In an interview, Teh suggests that artists in Southeast Asia like Rungjang and Apichatpong, and more recently Korakrit Arunanondchai, put forward a potent criticality (of the nation, of Western modernity) in their work.17 According to Teh, these artists expand the possibilities of art production, and expand infinitely the horizon of history in Thailand in ways that can effectively push back against the state machinery and its ventriloquism of the Bangkok Art Biennale. Once again, they exist both within and without this structure. Arguably, this attention to the artist as a critical thinker comes from Teh’s work as a curator in the mid-2000s in Thailand. (He curated the 2006 exhibition “Platform” at the Queen’s Gallery in Bangkok, which included Rungjang, among other artists. Teh later worked as an art dealer, selling work by Rungjang and other Thai artists.) This curatorial knowledge has shaped his criticism and art-historical writing. His intellectual formation was influenced by thinkers like Jacques Derrida, Georges Bataille, Jean Baudrillard, Martin Heidegger, and Walter Benjamin.18 Thus, his most potent engagement has been the critique of the political structure of the nation-state as it appears within the work of artists.19 Teh is generous in noting his influence from artists and their thinking, particularly in their attempts at recovering aspects of precolonial Southeast Asia and in their deconstruction of the modern nation-state (such as Thailand) via the foregrounding an alternative possible geography and/or imaginary.

Korakrit Arunanondchai, Songs for Dying, 2021, video. Photograph by Daniel Vincent Hansen. Courtesy of the artist.

Theorizing the video art of Singaporean artist Ho Tzu Nyen, Teh names allegory and narrative as a function of evasion, withdrawal, and avoidance. This is in line with his political aim to deconstruct the modern nation-state and its ideology. In several works by Ho, such as The Cloud of Unknowing, the artist actively draws from the “historical” partially by titling the video installation after an obscure liturgical text from the fourteenth century. Writing on The Cloud, curator June Yap notes, “Ho’s art confronts foundational myths and historical geopolitics, and deconstructs the idea of modernization via Western influence or beneficence, by presenting viewers with a paradox.”20 This deconstruction of modernity is what appeals most to Teh, who writes that “even at its most mythical, oneiric or philosophical, Ho’s work can be situated somewhere, but that somewhere is never a discrete, politically grounded site like a country.”21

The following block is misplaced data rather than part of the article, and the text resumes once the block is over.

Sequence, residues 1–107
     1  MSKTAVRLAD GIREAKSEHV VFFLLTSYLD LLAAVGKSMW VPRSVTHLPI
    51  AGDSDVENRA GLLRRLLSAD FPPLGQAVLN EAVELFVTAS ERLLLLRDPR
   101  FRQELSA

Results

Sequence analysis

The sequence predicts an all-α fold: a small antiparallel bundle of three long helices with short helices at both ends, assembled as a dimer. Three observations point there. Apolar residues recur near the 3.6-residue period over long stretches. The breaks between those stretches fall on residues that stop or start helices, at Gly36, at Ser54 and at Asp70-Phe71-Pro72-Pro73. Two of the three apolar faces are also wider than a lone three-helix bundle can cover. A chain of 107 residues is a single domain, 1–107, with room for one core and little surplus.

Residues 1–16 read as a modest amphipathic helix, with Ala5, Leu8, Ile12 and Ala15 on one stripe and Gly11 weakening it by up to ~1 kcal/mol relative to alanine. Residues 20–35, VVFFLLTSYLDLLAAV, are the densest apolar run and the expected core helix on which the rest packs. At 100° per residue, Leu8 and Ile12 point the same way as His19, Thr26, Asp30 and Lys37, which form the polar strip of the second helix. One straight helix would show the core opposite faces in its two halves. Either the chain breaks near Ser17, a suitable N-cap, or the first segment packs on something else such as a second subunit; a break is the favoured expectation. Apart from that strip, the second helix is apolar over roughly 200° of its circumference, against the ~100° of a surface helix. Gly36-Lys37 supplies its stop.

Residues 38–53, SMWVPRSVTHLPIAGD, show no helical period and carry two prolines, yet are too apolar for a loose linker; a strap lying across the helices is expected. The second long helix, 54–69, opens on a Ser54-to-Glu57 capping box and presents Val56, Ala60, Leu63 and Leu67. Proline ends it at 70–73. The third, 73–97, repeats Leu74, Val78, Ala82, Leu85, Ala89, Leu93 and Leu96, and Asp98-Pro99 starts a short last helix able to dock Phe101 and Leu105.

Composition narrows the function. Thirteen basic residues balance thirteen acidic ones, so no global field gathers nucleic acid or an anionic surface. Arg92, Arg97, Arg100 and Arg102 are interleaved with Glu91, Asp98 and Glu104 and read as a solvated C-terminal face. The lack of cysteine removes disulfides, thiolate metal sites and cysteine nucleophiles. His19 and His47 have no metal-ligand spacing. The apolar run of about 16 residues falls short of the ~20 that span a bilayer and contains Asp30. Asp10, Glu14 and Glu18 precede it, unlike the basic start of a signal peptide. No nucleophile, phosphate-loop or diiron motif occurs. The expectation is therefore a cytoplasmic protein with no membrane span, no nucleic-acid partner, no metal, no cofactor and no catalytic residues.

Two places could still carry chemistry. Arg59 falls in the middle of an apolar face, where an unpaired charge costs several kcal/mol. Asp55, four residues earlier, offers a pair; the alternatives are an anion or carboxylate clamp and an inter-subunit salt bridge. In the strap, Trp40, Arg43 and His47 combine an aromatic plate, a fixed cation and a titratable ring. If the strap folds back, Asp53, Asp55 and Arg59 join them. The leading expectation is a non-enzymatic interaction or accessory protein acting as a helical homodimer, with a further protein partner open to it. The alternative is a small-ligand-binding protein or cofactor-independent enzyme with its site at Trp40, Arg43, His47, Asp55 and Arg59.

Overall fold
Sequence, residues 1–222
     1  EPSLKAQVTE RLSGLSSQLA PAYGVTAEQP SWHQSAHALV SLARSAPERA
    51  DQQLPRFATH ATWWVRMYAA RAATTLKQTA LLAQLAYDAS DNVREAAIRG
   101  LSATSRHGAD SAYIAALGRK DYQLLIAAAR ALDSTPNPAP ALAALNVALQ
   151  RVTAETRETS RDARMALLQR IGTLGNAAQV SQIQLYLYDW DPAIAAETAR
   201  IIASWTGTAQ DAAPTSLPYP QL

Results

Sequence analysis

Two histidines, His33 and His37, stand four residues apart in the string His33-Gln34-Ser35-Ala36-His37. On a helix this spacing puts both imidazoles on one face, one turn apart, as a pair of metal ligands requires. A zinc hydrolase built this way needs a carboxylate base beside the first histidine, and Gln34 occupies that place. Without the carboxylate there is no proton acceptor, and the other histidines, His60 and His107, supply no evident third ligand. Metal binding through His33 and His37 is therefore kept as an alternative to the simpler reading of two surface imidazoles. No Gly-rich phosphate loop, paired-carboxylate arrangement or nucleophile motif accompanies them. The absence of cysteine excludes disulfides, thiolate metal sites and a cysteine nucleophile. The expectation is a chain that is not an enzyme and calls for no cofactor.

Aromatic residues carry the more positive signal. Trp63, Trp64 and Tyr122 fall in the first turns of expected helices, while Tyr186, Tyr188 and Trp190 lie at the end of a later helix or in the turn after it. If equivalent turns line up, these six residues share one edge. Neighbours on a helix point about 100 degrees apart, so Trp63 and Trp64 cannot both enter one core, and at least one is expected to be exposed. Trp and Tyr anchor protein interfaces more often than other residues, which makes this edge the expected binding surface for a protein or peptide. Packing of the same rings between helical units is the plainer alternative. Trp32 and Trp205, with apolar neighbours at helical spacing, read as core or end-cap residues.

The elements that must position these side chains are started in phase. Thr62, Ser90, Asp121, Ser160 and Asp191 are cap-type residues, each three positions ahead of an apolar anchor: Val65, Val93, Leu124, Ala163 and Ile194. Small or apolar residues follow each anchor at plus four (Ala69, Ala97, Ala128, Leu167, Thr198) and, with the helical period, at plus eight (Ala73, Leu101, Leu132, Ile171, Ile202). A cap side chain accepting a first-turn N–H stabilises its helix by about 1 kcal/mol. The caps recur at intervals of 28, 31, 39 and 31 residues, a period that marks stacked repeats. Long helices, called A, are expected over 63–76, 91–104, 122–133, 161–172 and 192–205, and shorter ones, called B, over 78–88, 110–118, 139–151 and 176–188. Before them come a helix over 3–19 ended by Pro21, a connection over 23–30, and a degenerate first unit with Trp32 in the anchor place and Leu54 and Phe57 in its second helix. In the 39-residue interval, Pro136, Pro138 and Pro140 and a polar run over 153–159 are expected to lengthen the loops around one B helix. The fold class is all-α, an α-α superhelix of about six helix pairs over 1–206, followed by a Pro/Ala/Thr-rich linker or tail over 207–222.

Ho Tzu Nyen, The Cloud of Unknowing, 2011. Film still.

One of Ho’s mythical works focuses on tigers, specifically in the context of the Critical Dictionary of Southeast Asia (2012–present), a multimedia artwork. In it he forms an etymology for the term “T for Tiger.” His interest in Southeast Asia intersects with an interest in history. In this work, which became the basis for the exhibition “2 or 3 Tigers” at HKW in Berlin, he borrowed from “animist cosmologies that informed Southeast Asia.”22 More specifically, he deconstructed the idea of the modern city-state of Singapore by using iconographic narratives of the tiger that complicate the intersection(s) of Malaysian and Singaporean history. Stating that the tiger is thought of by Malays as an ancestor, Ho unsettles the mythical “lion” at the heart of Singapore:

Lions may be alien to the ecology of the lion city, but tigers were known to infest this little island and its surrounds. A creature much feared by the local inhabitants of the Malayan region, seldom was the tiger hailed by its proper name, harimau. Instead, locals referred to this terrible beast by a host of more colloquial substitute nouns, such as arimau, rimau, and rimo. These were terms that the anthropologist Peter Boomgaard described as being loose enough to encompass the sense of “big cat-like animals” such as leopards, which—like the tigers with which they were often confused, and unlike lions—were indigenous to this part of the world.23